Vine & Bubble also hosts champagne tastings and dinners. Can you tell us about what is involved behind the scenes in preparing for these? How do you access the sometimes very exclusive champagnes?
Events are important for producers to access the right audience. Mine are quite discerning and have a high ‘wine IQ’ – many are on a champagne journey and would like the opportunity to discover something new or more exclusive. Because I dedicate so much of my time to learning about champagne – and to travelling there – I provide event-goers with an authentic experience drawing on knowledge they cannot easily find elsewhere.
For me, having good relationships with champagne importers, sommeliers and restaurateurs is essential for executing my events. Having a genuine collaboration – where everyone is invested and has the customer experience as their focus – makes every event more meaningful.
Lots of work goes into researching, preparing tasting notes, working with the restaurants to develop bespoke menus that are carefully considered, promoting sales, managing customer expectations and then finally presenting each experience.
For someone who wants to explore champagnes beyond the big houses that are found everywhere, which champagne(s) would you recommend?
I think the Maisons are a good place to start in any champagne journey because they provide the stylistic architecture for the classical champagne experience. Then you can go off and explore the wonderful diversity that champagne offers, be it Maison, grower or cooperative. Exploring by provenance rather than by producer will allow you to understand terroir; for example, the Montagne de Reims, Vallée de la Marne, Grande Vallée, Côte des Blancs, Sézannais or Aube.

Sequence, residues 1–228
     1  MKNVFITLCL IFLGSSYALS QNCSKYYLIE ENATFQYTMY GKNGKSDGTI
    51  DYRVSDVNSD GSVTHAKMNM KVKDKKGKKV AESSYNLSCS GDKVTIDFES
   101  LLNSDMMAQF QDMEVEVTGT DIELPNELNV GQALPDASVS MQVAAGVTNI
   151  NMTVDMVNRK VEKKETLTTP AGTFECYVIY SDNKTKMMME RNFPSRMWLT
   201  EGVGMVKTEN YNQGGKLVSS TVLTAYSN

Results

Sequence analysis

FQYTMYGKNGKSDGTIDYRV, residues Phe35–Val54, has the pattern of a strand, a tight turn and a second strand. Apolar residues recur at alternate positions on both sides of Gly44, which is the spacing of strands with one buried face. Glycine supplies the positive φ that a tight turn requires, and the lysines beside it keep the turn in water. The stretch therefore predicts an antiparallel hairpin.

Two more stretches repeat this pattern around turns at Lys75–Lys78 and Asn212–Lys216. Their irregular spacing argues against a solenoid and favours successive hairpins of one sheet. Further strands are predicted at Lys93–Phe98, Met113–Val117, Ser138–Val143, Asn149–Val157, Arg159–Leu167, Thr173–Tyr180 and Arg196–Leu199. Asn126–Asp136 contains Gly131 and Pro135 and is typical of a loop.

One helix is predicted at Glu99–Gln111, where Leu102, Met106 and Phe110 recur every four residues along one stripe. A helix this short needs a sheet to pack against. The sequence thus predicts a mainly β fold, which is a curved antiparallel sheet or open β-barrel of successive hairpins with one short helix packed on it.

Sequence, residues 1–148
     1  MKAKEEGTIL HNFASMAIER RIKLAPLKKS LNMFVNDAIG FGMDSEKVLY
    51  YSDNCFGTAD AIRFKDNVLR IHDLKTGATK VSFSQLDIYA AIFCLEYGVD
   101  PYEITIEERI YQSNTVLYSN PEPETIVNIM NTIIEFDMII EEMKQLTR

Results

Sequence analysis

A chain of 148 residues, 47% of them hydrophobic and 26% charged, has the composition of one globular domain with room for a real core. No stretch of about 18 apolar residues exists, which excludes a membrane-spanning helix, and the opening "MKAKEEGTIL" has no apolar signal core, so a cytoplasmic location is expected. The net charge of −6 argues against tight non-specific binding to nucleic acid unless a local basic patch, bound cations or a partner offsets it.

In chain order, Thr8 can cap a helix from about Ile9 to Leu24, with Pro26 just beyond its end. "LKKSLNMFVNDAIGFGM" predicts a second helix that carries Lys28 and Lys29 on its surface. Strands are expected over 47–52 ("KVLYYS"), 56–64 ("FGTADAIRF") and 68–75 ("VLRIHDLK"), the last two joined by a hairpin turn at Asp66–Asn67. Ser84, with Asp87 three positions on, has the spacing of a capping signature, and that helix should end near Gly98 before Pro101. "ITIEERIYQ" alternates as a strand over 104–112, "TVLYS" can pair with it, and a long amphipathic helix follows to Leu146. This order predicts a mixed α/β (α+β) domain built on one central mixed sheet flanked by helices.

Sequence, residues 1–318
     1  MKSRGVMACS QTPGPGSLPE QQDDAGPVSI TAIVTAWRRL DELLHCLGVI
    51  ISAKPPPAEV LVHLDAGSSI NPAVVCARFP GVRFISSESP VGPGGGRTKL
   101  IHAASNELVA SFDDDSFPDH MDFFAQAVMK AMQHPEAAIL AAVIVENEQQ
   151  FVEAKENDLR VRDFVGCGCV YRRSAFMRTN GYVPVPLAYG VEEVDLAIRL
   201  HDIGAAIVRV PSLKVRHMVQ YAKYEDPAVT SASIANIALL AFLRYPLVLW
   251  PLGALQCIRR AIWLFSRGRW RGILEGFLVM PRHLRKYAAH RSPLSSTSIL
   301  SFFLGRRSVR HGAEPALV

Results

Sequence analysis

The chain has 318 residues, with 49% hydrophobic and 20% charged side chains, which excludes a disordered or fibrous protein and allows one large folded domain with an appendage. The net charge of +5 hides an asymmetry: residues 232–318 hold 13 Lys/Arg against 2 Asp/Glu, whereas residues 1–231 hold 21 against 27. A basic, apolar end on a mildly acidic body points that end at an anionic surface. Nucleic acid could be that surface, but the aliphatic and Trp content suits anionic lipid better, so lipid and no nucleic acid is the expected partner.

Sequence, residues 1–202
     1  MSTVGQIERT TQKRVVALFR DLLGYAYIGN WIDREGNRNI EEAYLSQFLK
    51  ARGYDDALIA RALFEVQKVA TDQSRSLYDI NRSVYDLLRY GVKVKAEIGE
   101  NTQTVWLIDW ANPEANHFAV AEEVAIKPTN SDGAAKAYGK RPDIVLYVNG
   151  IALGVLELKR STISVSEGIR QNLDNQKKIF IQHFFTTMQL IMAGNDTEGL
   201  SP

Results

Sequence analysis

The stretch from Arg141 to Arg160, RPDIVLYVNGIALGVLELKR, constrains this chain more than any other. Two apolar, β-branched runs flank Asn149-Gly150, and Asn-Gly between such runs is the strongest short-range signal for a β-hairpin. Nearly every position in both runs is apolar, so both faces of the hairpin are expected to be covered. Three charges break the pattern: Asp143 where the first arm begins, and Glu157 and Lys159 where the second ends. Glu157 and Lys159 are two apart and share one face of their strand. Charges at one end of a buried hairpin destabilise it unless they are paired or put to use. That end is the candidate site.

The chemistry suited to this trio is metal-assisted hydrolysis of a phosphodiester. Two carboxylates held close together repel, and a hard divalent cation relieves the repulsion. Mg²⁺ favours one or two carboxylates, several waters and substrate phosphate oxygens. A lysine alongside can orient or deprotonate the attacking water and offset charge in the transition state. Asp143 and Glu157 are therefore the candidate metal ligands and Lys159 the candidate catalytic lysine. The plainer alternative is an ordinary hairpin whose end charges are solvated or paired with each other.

For me, the criteria must always be that the champagne is fresh. There are plenty of good growers out there doing a wonderful job of balancing intensely concentrated fruit with a judicious hand in the cellar. Some of my favourites are Pierre Gimonnet, Domaine Vincey, Philippe Glavier, Larmandier-Bernier, René Geoffroy, Nicolas Maillart, Chartogne-Taillet, R. Pouillon, F&R Miniére and Agrapart.
What’s your ultimate champagne/food pairing?
Champagne is wonderfully gastronomic and I have had some of the very best pairings possible. If it’s a casual night at home, I cannot go past sashimi and a rosé champagne. For something more decadent, I recently experienced Burrata with candied walnuts, fennel and truffle oil with Charles Heidsieck Blanc de Blancs NV. Also, Pemberton Marron with beurre blanc and saffron sauce is mouth-watering with a pinot dominated vintage champagne or a non-vintage blend with a light touch of oak.